Turns out that the creepy slogan “the personal is political” is not in fact a legal principle. And that’s a very good thing for everyone.

    • ajay

      I don’t think that multimillionaires and billionaires SHOULD have any expectation of privacy. Here’s a test that could be used: have you hired a publicist, a publicity firm, or a PR firm? Then you have no ‘right to privacy’.

      So all those actors who got their nude photos leaked during the iCloud hack in 2014, you’re basically just “suck it up bitch you’re in the game”? Jennifer Lawrence (to pick one victim) is a multimillionaire, and she’s definitely hired a publicist.

      Some fairly well-off woman who writes a reasonably successful book has no right to privacy? Paul Krugman has no right to privacy?

      • Mrs Tilton

        Paul Krugman has no right to privacy?

        OMG, you have a copy of the Krugman Sex Tape???!!!

        • The Temporary Name

          Model after model, none of them quite works out…

      • nosmo king

        Well then, you would have spiked the story about William Bennett’s gambling addiction, right? Because that’s his private business? Or is it newsworthy that a conservative scold has his own issues with Mammon? Or what about all those right-wingers, Hastert being the latest, and their underage victims?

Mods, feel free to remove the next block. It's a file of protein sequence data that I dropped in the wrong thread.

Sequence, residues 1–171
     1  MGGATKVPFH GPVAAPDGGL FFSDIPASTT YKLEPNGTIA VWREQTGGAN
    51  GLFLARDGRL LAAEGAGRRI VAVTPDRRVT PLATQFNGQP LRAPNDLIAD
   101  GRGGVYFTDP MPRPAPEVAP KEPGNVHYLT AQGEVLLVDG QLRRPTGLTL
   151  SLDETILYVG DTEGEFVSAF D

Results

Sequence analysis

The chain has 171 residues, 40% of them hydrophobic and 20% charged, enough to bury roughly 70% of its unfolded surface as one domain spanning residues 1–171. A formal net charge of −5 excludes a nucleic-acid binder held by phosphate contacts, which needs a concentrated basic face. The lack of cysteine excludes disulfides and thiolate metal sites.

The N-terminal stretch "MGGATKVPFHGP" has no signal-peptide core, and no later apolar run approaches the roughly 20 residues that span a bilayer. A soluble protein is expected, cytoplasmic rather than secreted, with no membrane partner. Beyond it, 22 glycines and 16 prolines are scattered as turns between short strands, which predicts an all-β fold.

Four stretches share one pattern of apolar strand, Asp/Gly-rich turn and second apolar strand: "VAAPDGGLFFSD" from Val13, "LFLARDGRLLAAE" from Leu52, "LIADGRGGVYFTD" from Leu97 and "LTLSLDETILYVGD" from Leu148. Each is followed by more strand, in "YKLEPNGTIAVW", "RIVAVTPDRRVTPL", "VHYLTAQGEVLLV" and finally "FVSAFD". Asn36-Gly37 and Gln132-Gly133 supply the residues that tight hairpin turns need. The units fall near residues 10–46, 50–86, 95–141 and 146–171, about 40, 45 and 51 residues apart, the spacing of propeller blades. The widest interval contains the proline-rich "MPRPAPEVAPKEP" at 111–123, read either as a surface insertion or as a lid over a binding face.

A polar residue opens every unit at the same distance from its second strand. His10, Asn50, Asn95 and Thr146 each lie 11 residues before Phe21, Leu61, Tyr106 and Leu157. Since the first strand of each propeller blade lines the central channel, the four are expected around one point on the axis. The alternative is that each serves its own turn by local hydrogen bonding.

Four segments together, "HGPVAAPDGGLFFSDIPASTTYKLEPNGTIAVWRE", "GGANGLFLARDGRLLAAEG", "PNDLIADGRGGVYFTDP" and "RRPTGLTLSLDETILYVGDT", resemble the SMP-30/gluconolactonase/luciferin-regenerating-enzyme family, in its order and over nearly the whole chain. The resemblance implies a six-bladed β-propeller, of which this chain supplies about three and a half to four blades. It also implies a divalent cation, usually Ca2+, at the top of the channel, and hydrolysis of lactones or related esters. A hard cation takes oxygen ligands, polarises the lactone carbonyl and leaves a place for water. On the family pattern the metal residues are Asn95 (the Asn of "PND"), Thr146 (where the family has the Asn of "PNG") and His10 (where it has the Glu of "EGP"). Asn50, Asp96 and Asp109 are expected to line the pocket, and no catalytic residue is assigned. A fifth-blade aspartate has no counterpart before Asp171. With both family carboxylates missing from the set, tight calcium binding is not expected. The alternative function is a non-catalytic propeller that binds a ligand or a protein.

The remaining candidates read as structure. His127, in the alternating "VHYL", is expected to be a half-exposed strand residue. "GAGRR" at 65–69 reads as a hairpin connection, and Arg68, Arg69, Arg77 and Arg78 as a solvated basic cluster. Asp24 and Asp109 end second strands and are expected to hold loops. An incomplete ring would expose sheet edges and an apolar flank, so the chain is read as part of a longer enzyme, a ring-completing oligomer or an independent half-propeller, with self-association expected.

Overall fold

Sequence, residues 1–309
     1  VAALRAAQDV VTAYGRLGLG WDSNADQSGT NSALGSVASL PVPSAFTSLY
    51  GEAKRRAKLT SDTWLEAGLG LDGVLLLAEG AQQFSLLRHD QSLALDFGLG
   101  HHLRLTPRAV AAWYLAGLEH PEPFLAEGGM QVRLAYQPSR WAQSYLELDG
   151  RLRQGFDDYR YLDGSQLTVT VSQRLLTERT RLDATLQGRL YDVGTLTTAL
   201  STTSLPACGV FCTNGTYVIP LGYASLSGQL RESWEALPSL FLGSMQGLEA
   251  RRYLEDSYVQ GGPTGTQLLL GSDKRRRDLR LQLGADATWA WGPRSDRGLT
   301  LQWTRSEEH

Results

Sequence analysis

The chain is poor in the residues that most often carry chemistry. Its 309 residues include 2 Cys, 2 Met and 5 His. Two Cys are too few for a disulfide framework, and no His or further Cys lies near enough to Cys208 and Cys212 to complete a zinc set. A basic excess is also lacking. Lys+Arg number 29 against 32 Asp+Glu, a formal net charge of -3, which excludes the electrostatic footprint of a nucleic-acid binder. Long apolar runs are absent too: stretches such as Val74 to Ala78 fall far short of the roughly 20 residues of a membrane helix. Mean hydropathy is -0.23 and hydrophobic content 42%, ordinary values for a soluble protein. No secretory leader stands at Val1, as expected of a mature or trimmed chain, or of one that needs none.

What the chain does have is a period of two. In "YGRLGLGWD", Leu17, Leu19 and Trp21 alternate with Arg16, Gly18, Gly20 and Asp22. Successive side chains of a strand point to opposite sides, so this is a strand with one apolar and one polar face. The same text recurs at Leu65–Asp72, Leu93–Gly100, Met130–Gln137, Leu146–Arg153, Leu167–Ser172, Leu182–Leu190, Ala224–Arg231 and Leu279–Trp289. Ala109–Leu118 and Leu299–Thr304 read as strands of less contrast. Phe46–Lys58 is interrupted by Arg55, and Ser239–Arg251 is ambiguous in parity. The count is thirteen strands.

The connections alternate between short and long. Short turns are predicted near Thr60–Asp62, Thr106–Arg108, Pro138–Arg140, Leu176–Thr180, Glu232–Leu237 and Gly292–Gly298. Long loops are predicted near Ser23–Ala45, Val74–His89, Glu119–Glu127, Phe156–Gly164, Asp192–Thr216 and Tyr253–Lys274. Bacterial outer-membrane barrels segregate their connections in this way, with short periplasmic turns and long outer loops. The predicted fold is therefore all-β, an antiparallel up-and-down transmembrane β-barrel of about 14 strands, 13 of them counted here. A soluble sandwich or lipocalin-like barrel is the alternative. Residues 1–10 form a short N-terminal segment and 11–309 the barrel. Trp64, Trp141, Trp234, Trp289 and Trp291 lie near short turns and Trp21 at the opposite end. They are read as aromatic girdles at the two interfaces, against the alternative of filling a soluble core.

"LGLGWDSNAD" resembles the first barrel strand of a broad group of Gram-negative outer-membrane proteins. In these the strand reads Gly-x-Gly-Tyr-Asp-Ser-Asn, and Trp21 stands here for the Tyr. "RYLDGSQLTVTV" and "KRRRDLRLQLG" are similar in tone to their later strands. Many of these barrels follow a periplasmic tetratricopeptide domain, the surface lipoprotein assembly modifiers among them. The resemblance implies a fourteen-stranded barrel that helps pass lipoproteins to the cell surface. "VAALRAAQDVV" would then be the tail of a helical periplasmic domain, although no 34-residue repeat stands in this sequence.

When it comes to money, influence, and privacy, one size does not fit all. The more money you have, the more influence you have, the less privacy you should expect. Especially when throw your money around to try and bend the media to your will. You’re asking where I draw the line, where do you draw it?

      • farin

        Someone was punished in the icloud hack: the hacker. Reddit isn’t on the hook for hosting the pictures, nor are the gossip sites that did so. If we were talking about prosecuting the person who gave the tape to Gawker, it would be a much easier case (assuming the recording and release really were unknown to and against the wishes of Hogan).

        • nosmo king

          This exactly. Given that the source of the tape AFAIK is unknown, and the lawsuit was filed with someone else’s money, how exactly is Gawker owing this money to Hogan?

          …I now remember (probably incorrectly) that the source of the tape was surmised to be the aggrieved Mr. Love Sponge. Why not get the money from him? Oh yeah, right. They wanted Gawker breaking money, not Love Sponge money. Motivations matter.

        • Lager Lout

          Gawker isn’t being held criminally liable. They are on the hook for civil damages, for violating a person’s privacy.
          Two different things.

  • Snuff curry

    Just a day or two ago we heard at length from commenters about the Chilling Effects the ousting of Bruenig would have on young, college-attending, journalism-minded, labor-oriented white men. Where in heaven have they run off to? Journalists are being silenced over here!